Visa Warns of New Fraud Scheme

Alert to Banks, Processors Describes Bogus Batch Settlement
Visa Warns of New Fraud Scheme
Banking institutions and payments processors are on heightened alert after notification from Visa that a criminal group plans to execute a large, fraudulent batch settlement scheme.

According to Visa's alert, a copy of which was obtained by Information Security Media Group, the payment card giant has information about criminals who claim to have access to account numbers and the ability to submit a large batch settlement upload to occur over a weekend. (Merchants usually send their credit card transactions by batches at the end of a business day to be settled by the credit card companies and acquiring banks.)

Visa does not have any information as to when the fraudulent settlement activity may occur. The criminals claim to have access to a merchant account placed with a bank in Eastern Europe.

"Although the source of the information is reliable, the information that Visa has received coming forward so far is limited," the alert states. "Visa suspects that this scheme may be linked to a consortium of online merchants that have been trying to secure processing arrangements after being shut down at several acquirers across many geographies."

This alert comes after last year's record-breaking Heartland Payment Systems data breach and other noted incidents, including the Network Solutions breach that involved its merchant client database of more than 4,000 small business accounts.

Visa's Quick Action

Once Visa received the information from the third-party source, according to the alert, it immediately implemented monitoring of large settlement activity for banks located in Eastern Europe. Up to now, Visa says it hasn't seen abnormal or large settlement activity. Visa says it is continuing to monitor and will alert any affected Visa clients of abnormal activity, if needed.

Institutions should monitor for large or unusual settlement activity -- particularly during weekends and holidays. They should also closely review settlement and chargeback activity for high risk merchants and agents.

Visa declined to comment further on the alert, but offered the following statement: "As Visa receives critical information about potential criminal schemes, we take immediate steps to stop fraud and support law enforcement efforts. When appropriate, we also notify critical stakeholders so they can take cautionary or mitigating steps. Although issuers and acquirers actively monitor for unusual batch settlements, Visa sent out a client communication as a reminder to be on heightened alert. Active system monitoring across all stakeholders significantly decreases the risk of this type of fraud."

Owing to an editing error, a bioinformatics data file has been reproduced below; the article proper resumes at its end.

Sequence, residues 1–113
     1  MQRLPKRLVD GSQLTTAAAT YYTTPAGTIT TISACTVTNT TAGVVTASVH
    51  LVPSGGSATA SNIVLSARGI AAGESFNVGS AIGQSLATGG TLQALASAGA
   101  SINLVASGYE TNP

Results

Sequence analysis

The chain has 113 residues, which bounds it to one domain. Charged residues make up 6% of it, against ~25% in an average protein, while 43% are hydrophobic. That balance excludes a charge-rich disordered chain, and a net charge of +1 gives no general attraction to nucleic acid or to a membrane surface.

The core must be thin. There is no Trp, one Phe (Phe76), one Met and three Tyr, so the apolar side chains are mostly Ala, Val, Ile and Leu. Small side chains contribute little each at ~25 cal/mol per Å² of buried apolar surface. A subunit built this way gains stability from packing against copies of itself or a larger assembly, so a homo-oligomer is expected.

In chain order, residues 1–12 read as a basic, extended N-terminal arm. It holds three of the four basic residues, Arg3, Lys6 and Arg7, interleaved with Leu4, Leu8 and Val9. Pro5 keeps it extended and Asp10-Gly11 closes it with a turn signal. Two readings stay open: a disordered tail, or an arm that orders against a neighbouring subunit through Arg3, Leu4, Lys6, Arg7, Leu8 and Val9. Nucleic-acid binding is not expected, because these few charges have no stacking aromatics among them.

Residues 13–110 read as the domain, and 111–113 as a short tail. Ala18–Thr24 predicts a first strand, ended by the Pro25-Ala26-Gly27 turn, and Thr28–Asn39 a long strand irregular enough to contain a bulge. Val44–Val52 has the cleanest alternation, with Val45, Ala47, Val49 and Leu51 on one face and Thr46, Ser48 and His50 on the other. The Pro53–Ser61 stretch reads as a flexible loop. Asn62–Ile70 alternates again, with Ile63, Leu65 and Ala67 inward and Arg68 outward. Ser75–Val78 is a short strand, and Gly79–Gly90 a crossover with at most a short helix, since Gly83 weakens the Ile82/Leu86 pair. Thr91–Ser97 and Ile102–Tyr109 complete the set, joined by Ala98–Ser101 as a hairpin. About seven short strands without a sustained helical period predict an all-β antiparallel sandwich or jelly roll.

Analyst: Banks Should Be 'Very Concerned'

These types of thefts have been around for a long time, says Gartner analyst Avivah Litan.

"Financial institutions should be very concerned about this alert because they are the ones who get stuck with the bill and the chargebacks once cardholders notice the unauthorized charges," Litan says. "These 'fake' merchants will undoubtedly bail out of the system once they get their money, so the banks don't have a prayer of recovering money from the bad guys."

Litan says this type of fraud is likely to continue, as the biggest problem in preventing batch settlement fraud is how merchant accounts get created and underwritten in the first place. "Visa, MasterCard and the acquiring banks need to tighten up their accreditation process and how they onboard new merchants," she says. "There are too many 'third parties' and ISOs in the system, allowing too many illegitimate merchants to establish accounts and access to the payment systems."

About the Author

Linda McGlasson

Linda McGlasson

Managing Editor

Linda McGlasson is a seasoned writer and editor with 20 years of experience in writing for corporations, business publications and newspapers. She has worked in the Financial Services industry for more than 12 years. Most recently Linda headed information security awareness and training and the Computer Incident Response Team for Securities Industry Automation Corporation (SIAC), a subsidiary of the NYSE Group (NYX). As part of her role she developed infosec policy, developed new awareness testing and led the company's incident response team. In the last two years she's been involved with the Financial Services Information Sharing Analysis Center (FS-ISAC), editing its quarterly member newsletter and identifying speakers for member meetings.

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